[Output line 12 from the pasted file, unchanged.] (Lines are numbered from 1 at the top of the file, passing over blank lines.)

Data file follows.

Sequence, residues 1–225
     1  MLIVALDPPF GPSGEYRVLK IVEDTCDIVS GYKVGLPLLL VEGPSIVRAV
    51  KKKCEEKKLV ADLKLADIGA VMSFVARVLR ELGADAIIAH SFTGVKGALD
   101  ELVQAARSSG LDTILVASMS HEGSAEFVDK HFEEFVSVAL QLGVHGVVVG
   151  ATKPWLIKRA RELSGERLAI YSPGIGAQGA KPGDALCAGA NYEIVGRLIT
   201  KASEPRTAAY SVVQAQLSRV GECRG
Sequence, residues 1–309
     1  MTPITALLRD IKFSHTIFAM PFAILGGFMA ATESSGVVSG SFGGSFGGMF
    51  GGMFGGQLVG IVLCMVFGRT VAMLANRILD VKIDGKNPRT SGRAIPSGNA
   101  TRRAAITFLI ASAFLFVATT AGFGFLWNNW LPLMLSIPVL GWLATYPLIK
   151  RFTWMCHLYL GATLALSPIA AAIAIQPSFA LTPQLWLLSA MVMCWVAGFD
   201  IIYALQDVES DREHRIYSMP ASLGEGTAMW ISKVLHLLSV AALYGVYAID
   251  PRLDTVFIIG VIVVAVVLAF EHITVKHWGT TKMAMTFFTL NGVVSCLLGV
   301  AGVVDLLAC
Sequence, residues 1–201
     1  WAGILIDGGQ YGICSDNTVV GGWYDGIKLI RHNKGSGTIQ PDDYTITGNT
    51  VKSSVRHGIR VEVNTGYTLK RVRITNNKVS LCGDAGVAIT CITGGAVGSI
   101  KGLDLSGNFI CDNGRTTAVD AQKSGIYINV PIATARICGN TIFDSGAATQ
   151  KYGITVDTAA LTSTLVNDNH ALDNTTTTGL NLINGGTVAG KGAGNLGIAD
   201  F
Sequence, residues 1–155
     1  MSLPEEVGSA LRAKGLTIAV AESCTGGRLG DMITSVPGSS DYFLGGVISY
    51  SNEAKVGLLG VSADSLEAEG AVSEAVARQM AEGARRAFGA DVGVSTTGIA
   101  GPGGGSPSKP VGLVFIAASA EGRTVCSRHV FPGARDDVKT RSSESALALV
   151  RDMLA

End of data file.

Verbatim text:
   201  IIYALQDVES DREHRIYSMP ASLGEGTAMW ISKVLHLLSV AALYGVYAID